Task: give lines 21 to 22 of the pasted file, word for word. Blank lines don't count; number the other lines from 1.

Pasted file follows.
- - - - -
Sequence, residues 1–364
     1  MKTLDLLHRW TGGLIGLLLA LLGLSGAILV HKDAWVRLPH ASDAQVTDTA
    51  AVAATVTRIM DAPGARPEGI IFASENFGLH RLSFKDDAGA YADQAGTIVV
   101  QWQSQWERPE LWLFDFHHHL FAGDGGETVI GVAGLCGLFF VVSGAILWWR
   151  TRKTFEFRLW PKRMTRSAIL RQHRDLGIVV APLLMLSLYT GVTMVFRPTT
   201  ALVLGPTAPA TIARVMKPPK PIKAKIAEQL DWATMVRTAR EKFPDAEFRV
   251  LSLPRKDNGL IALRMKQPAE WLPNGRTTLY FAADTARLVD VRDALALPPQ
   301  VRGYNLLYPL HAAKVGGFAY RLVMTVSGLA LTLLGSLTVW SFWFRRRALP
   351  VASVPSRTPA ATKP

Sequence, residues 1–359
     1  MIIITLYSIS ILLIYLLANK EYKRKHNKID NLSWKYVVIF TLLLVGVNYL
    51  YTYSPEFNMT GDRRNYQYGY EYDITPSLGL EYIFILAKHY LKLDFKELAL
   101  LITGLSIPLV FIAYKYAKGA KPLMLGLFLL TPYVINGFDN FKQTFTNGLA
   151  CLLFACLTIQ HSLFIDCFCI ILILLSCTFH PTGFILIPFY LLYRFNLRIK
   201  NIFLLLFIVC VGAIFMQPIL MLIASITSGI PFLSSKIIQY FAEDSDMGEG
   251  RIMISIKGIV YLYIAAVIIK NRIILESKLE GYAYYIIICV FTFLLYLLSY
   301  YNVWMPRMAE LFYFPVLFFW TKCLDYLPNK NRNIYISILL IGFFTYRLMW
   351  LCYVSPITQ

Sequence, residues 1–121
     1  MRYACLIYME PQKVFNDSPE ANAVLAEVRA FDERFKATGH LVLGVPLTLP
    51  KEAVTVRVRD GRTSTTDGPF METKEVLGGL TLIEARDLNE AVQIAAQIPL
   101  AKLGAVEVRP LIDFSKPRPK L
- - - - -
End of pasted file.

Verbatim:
    51  KEAVTVRVRD GRTSTTDGPF METKEVLGGL TLIEARDLNE AVQIAAQIPL
   101  AKLGAVEVRP LIDFSKPRPK L